time immemorial


Definition of time immemorial 

1 : time so long past as to be indefinite in history or tradition

called also time out of mind

2 : a time antedating a period legally fixed as the basis for a custom or right

Examples of time immemorial in a Sentence

Recent Examples on the Web

So Juan, Maxine Waters, a fixture, a fixture from time immemorial. Fox News, "Trump, Democrats gear up for Supreme Court showdown," 3 July 2018 Yet, this land has been my family’s home since time immemorial. Rory Taylor, Teen Vogue, "The Current Border Crisis Feels All Too Familiar for Indigenous Peoples in the United States," 12 July 2018 People have been whispering among themselves about Spanish-speaking immigrants, Muslims mosques and black people moving into their neighborhoods since time immemorial. Michael Harriot, The Root, "Donald Trump is Not Making White People More Racist, He's Making Them Act More Racist," 5 July 2018 For time immemorial, successful crews have earned respect from their community. The Economist, "Whaling in Alaska," 14 June 2018 But the discomfort of staying with her experience would have been worth trading away Dietland’s flip comedy about beauty products and fad diets, material that’s been covered by self-loathing chick lit for time immemorial. Sonia Saraiya, HWD, "ACCESS IS EVERYTHING," 5 June 2018 Since time immemorial, farmlands have been as alive with bird songs as the sound of the wind. Tim Graham, National Geographic, "Around the World, Farmland Birds Are in Steep Decline," 1 June 2018 The moral of the story for presidential nominating contests since time immemorial is that political activists are as bad at predicting the future as anyone else. Chris Stirewalt, Fox News, "Dems start to get serious about 2020," 1 June 2018 From time immemorial, people gazing up at the night sky have dreamed of reaching out to touch the stars. Lee Billings, Scientific American, "Astronomers Spot Potential "Interstellar" Asteroid Orbiting Backward around the Sun," 21 May 2018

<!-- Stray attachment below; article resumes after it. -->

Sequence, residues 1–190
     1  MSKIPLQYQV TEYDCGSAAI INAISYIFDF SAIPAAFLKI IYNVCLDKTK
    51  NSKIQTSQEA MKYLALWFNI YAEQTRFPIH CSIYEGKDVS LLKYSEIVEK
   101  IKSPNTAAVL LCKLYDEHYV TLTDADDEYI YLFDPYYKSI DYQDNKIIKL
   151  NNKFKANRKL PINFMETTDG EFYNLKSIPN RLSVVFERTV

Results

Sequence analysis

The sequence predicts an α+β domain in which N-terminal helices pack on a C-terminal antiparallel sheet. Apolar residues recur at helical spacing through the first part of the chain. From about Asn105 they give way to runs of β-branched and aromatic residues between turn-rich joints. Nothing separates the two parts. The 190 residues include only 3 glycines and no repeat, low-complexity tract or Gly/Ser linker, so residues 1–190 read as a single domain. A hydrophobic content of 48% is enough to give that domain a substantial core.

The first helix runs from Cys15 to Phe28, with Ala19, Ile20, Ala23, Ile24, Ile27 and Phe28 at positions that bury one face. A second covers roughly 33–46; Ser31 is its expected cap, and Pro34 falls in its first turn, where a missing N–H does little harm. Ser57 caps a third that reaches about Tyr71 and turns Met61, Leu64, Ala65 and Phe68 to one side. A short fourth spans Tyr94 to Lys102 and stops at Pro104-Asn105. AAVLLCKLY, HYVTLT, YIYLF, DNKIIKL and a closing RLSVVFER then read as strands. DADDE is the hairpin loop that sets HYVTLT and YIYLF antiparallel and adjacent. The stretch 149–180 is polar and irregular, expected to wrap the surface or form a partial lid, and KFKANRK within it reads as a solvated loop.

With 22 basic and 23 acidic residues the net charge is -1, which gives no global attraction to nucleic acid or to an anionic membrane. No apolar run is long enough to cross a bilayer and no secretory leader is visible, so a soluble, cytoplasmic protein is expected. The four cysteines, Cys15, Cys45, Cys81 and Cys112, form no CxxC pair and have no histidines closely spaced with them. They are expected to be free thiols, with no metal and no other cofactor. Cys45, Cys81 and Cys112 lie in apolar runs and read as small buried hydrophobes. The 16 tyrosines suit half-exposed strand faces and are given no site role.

These example sentences are selected automatically from various online news sources to reflect current usage of the word 'time immemorial.' Views expressed in the examples do not represent the opinion of Merriam-Webster or its editors. Send us feedback.

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First Known Use of time immemorial

1602, in the meaning defined at sense 2

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Last Updated

29 Jul 2018

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The first known use of time immemorial was in 1602

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More Definitions for time immemorial

time immemorial

time im·me·mo·ri·al | \ -ˌi-mə-ˈmȯr-ē-əl \

Legal Definition of time immemorial 

1 : a time beyond legal memory formerly fixed by English law as the beginning of the reign of Richard I in 1189 but modified in common law

2 : a time going back beyond the memory of any living person

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occurring twice a year or every two years

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